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United States v. Snyder

United States District Court, W.D. Virginia, Roanoke Division

December 14, 2017

UNITED STATES OF AMERICA
v.
NANCY ELLEN SNYDER, Defendant.

          MEMORANDUM OPINION

          Hon. Glen E. Conrad Senior United States District Judge.

         Nancy Ellen Snyder has moved to vacate, set aside, or correct her federal sentence under 28 U.S.C. § 2255. The government has filed a motion to dismiss, to which Snyder has responded, making the matter ripe for consideration. For the reasons that follow, the government's motion to dismiss will be granted and Snyder's motion to vacate will be denied.

         Background

         On April 3, 2014, a grand jury in the Western District of Virginia returned an indictment against Snyder and eleven codefendants. Count One charged Snyder with conspiracy to distribute and possess with intent to distribute 500 grams or more of a mixture or substance containing methamphetamine, in violation of 21 U.S.C. §§ 841(a)(1) and (b)(1)(A), and 846. Count Sixteen charged her with distribution of fifty grams or more of a mixture or substance containing methamphetamine, in violation of 21 U.S.C. § 841(a)(1) and (b)(1)(B).

         Snyder entered a plea of guilty to Count One of the indictment on September 15, 2014. Under the terms of the written plea agreement, the parties stipulated that Snyder should be held responsible for at least five but less than fifteen kilograms of methamphetamine. For its part, the government agreed to move to dismiss the remaining count of the indictment in which Snyder was charged. The government also agreed to recommend a three-level reduction for acceptance of responsibility under § 3E1.1 of the United States Sentencing Guidelines, if Snyder, in fact, accepted responsibility for her actions and complied with her obligations under the plea agreement. In exchange, Snyder agreed to waive her right to appeal her sentence "on any ground" except "as to any issue which cannot be waived, by law." Plea Agreement 7, Docket No. 251. Snyder also agreed to "waive any right [she] may have to collaterally attack, in any future proceeding, any order issued in this matter, unless such attack is based on ineffective assistance of counsel." Id. at 7-8. Additionally, Snyder acknowledged that the government was retaining all of its rights to seek a reduction of sentence on the basis of substantial assistance, that the government was under no obligation to make such motion, and that "[n]o promises [had] been made" in that regard. Id. at 4.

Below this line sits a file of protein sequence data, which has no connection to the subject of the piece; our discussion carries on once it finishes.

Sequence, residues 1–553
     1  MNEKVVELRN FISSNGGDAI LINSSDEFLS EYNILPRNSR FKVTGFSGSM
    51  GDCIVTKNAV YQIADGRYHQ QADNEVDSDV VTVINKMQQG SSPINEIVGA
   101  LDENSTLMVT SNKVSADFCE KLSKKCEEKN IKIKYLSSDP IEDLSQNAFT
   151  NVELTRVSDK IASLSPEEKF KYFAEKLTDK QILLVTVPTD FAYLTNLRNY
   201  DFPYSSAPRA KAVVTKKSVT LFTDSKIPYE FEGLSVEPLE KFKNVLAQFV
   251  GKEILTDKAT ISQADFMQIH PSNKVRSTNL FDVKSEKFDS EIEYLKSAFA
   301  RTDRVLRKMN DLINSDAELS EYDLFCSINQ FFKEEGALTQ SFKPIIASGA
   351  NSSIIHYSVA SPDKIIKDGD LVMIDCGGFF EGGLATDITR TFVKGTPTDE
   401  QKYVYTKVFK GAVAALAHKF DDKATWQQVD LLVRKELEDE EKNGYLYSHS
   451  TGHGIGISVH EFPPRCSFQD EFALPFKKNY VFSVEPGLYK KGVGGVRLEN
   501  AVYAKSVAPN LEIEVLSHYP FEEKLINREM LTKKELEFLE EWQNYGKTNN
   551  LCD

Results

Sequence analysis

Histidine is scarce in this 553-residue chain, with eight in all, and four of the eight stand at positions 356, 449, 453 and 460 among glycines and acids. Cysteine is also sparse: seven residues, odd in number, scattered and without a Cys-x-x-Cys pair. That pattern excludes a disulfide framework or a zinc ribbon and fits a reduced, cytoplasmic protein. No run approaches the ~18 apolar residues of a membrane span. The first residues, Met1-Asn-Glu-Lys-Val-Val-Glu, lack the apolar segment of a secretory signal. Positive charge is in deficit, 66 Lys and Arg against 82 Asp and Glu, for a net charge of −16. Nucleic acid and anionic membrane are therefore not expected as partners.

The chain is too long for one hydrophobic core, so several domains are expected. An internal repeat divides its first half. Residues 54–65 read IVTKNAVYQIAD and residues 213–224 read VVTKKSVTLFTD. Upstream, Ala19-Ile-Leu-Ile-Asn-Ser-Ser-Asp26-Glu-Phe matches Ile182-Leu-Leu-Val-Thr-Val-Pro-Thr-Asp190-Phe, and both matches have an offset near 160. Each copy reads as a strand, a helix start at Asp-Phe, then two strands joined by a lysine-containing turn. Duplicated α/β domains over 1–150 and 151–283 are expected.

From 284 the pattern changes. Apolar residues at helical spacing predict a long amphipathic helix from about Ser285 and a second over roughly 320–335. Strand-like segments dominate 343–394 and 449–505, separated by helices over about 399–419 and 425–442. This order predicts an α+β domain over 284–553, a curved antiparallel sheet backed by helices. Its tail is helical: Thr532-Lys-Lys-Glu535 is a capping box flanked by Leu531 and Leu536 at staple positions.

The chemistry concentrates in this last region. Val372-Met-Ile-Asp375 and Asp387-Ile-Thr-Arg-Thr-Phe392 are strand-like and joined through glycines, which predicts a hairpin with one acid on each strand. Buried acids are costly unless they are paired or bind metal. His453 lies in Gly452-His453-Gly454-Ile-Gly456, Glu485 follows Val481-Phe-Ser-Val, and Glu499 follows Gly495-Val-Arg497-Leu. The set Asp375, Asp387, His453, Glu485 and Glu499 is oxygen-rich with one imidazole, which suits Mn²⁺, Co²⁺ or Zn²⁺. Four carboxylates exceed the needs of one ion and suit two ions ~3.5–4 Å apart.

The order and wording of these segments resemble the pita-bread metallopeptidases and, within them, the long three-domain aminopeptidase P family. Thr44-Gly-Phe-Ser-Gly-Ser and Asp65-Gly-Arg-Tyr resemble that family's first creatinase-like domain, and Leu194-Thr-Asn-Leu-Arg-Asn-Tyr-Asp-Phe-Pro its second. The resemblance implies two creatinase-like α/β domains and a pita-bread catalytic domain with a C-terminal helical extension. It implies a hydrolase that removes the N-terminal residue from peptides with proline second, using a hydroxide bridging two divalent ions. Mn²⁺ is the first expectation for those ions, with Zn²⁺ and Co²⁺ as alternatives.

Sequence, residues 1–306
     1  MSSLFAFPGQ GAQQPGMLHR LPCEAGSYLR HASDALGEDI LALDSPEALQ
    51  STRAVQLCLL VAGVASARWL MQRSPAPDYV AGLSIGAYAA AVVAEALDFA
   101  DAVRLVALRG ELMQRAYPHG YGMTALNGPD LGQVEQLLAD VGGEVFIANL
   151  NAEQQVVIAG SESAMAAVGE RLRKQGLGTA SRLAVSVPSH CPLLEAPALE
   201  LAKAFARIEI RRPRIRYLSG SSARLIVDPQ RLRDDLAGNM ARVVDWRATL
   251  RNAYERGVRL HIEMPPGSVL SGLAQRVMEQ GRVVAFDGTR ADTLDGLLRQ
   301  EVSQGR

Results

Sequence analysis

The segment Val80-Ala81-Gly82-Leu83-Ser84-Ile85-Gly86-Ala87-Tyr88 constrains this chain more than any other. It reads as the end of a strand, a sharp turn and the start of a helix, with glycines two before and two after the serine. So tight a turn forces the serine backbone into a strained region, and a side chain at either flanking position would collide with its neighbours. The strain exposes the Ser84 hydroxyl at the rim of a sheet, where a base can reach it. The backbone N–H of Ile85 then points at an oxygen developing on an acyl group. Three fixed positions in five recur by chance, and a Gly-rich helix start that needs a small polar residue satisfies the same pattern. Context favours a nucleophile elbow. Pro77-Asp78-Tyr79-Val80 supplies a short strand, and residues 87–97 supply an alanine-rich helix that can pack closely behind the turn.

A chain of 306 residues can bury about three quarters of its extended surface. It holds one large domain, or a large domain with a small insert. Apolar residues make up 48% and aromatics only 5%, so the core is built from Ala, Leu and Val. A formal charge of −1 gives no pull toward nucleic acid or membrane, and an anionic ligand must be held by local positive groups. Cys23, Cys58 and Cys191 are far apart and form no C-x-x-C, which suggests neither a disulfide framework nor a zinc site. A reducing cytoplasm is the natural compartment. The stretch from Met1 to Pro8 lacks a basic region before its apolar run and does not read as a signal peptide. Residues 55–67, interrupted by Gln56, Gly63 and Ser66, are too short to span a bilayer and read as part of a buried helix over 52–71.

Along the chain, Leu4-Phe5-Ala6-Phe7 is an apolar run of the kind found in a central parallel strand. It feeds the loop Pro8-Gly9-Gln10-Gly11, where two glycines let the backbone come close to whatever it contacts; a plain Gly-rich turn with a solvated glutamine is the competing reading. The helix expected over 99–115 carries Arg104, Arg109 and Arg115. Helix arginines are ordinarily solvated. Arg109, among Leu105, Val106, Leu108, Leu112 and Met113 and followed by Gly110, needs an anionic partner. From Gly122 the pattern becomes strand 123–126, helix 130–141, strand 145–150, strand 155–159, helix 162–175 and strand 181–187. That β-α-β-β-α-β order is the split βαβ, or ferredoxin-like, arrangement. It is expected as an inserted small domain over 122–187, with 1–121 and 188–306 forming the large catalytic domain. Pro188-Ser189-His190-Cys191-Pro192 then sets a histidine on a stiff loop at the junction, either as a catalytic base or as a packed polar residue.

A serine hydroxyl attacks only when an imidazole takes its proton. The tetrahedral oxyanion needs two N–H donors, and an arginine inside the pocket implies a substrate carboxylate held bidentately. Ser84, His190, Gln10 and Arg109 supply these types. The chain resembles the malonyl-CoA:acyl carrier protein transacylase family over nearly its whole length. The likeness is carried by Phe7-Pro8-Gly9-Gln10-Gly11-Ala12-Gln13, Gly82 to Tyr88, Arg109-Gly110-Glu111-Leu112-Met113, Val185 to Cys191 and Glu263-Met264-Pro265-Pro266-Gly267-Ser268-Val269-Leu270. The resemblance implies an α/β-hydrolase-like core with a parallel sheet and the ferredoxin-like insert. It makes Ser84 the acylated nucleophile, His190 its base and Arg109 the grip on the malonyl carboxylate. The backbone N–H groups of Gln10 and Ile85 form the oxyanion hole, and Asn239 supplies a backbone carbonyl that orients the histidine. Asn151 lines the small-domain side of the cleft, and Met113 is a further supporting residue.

Snyder initialed every page of the plea agreement, including the page containing the waiver of collateral-attack rights. By signing the plea agreement, Snyder affirmed that she had carefully reviewed every section of the agreement with her attorney, that she understood the agreement, and that she was voluntarily agreeing to its terms. Id. at 12. Snyder further acknowledged that she had "not been coerced, threatened, or promised anything other than the terms" of the plea agreement, in exchange for her plea of guilty. Id.

         During the guilty plea hearing conducted pursuant to Rule 11 of the Federal Rules of Criminal Procedure, the court established that Snyder possessed the capacity to make a voluntary, intelligent, and informed decision. Plea H'rg Tr. 5-7, Docket No. 439. The court also established that Snyder understood the conspiracy charge to which she was pleading guilty, as well as the purpose of the hearing. Id.